H – Hidden Gem: Dorothy Nimmo’s The Wigbox is a little-known gem. Click on the image for more information here on this site:

I – Important moment in your reading life: Coming across Ellis Peters’ Brother Cadfael quite by chance (I think it was One Corpse Too Many) triggered my lifelong love of the Medieval Mystery.

J – Juvenile favourite. Mine is probably Kim (see “F” above) but there are many others I love, from Hans Anderson’s The Snow Queen and Kingsley’s The Water Babies to the Harry Potter series and the His Dark Materials trilogy.

K – Kind of book you won’t read: books by illiterate “authors”, either unedited or “edited” by illiterate “editors”.

L – Longest book you’ve read: A Glastonbury Romance by John Cooper Powys. I have read all 1, 120 pages twice but still haven’t got round to writing a proper review!

M – Major book hangover because of: Lin Anderson’s Easy Kill. Read my review of it here and you will see why it moved and upset me.

N – Number of bookshelves you own: Six bookcases, and books everywhere. (But my Kindle is definitely easing the pressure!)

O – One book you’ve read multiple times: The Bhagavad Gita.

P – Preferred place to read: The beach in summer or when I’m travelling. Otherwise anywhere warm and cosy.

Q – Quotes that inspire you: Here are a few I like

ALICE BORCHARDT

I have often thought if one could impart the doings of mankind to a rose, the only thing it would understand would be the sweet drawn-out lovemaking of a drowsy afternoon. (The Silver Wolf)

ALDOUS HUXLEY

Chastity – the most unnatural of all the sexual perversions. (Eyeless in Gaza)

EMILY DICKINSON

A face devoid of love or grace,
A hateful, hard, successful face …

LAURENCE DURRELL

I find art easy. I find life difficult.

WILLIAM GOLDING

We did everything adults would do. What went wrong? (Lord of the Flies)

R – Reading regrets: My TBR list grows longer and longer while the reading time left to me in this life grows shorter by the day.

S – A series you’ve started and need to finish: Shakespeare’s plays! There are still several I have neither read nor seen.

T – Three of your all-time favourite books:

 

 

 

 

 

 

 

 

 

 

 

 

 

 

 

 

 

 

 

 

 

**************************

U – Unapologetic fangirl:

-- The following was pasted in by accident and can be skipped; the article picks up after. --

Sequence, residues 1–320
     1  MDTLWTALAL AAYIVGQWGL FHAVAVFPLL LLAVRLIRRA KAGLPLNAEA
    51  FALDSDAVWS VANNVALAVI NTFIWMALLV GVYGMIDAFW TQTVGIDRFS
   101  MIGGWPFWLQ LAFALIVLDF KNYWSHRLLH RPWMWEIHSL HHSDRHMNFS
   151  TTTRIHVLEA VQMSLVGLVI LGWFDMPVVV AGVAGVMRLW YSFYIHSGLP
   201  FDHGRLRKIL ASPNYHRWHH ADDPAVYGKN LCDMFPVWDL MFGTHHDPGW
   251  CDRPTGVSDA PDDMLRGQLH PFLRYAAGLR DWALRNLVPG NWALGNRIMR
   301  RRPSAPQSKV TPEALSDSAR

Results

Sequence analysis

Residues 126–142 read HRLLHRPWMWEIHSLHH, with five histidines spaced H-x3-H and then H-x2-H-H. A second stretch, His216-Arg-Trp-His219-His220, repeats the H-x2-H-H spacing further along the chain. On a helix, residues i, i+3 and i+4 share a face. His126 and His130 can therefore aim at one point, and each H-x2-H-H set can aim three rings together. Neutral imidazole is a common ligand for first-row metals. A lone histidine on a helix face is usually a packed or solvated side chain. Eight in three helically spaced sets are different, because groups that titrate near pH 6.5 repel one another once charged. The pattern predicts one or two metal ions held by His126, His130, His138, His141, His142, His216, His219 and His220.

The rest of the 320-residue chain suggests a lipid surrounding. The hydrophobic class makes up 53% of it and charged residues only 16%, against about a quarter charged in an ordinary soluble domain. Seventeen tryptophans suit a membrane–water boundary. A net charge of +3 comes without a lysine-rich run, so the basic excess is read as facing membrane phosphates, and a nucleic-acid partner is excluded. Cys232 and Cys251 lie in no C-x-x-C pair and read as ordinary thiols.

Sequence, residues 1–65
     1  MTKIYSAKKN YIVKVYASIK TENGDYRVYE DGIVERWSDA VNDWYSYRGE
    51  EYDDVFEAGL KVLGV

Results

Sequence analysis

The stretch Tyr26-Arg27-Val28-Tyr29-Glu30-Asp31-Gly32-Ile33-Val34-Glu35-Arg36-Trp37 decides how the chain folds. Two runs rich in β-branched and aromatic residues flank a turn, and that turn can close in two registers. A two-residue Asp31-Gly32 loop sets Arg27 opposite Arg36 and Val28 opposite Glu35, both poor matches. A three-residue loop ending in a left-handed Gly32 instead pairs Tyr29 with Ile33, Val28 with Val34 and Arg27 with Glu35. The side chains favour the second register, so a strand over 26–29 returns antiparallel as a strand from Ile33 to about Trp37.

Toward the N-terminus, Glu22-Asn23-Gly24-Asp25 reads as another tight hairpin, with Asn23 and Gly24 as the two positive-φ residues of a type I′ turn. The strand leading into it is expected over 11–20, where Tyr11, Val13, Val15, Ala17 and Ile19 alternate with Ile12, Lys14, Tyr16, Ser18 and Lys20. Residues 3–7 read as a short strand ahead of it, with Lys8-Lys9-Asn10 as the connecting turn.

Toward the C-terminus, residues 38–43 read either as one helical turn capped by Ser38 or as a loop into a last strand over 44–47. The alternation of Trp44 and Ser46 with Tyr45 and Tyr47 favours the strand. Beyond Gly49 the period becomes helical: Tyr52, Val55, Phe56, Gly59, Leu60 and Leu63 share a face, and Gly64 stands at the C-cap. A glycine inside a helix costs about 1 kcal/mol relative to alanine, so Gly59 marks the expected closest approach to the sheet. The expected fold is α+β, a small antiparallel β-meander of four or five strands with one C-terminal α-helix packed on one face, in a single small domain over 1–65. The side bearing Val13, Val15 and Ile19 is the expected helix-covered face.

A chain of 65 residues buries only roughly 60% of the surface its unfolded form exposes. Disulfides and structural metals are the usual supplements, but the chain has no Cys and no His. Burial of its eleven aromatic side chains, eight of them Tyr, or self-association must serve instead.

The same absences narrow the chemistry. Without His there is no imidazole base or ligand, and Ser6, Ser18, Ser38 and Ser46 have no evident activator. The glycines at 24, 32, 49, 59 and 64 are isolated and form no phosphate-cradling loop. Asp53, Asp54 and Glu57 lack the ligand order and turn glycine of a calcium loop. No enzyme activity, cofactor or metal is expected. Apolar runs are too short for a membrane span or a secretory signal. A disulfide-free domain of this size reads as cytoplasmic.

The James Bond novels – and the early, Sean Connery, films.

V – A Villain permanently etched on your brain:

Charles Dickins’ Fagin – in the book and as portrayed by Ron Moody:

W – Worst book habit: Writing notes and comments in books.

X – X marks the spot: pick the 27th book from the left on the top left shelf:

Balthazar – the second volume in Lawrence Durrell’s Alexandria Quartet, another series I love and have read right through three times – and plan to read again!

 

Y – Your latest purchase: I take this to mean of a physical book, so Yeats’s Ghosts, the Secret Life of W. B. Yeats, by Brenda Maddox (a hardcover, secondhand, but like new). I will let you all know what I make of it!

Z – zzzz-snatcher: The Cold Heart trilogy by Lynda la Plante – three books (Cold HeartCold BloodCold Shoulder), three nights up all night!





Can a Woman Paint and Be a Writer?

7 02 2017

Can a woman practise more than one art? asks Jane Kohut-Bartels, and answers it perfectly in her blog – Lady Nyo’s Weblog:

I received a comment recently on my blog about this issue. Apparently this was a rather new concept for this man. I in no way think he was trying to belittle me, but raising this question really made me think. Once Again. I thought I had put this on the back burner, but I see it […]

via Can a Woman Paint and Be a Writer? And do it with the same hand? — Lady Nyo’s Weblog





“All The Old Men Are Gone” for dverse.

24 11 2016

Lady Nyo's Weblog

Gormosy 2

All The Old Men Are Gone

 

All the old men with beautiful manners are gone.

They with courtly manners

who brush their lips over your hand

who look up the white pillar of arm

meet eyes with sweet kindness or desire-

Are gone.

The Hungarians, Italians and Russians

who murmur into faces

and translate with twinkling spheres,

a desire found ‘deep in their hearts’

or perhaps like a well-oiled

Casanova, who glides across

the room and anchors your vanity to his side.

They are all gone, dissolved in the waters of time.

You were glad for the flirtation,

it made the stomach flip,

it brightened  everything-

Life -Suddenly- Worth- Living!

If even for the evening

or a few hours until dawn

you were young and desirable once more.

With these now-ghosts,

the light came forth from dull shadows

like diamonds thrown onto mirrors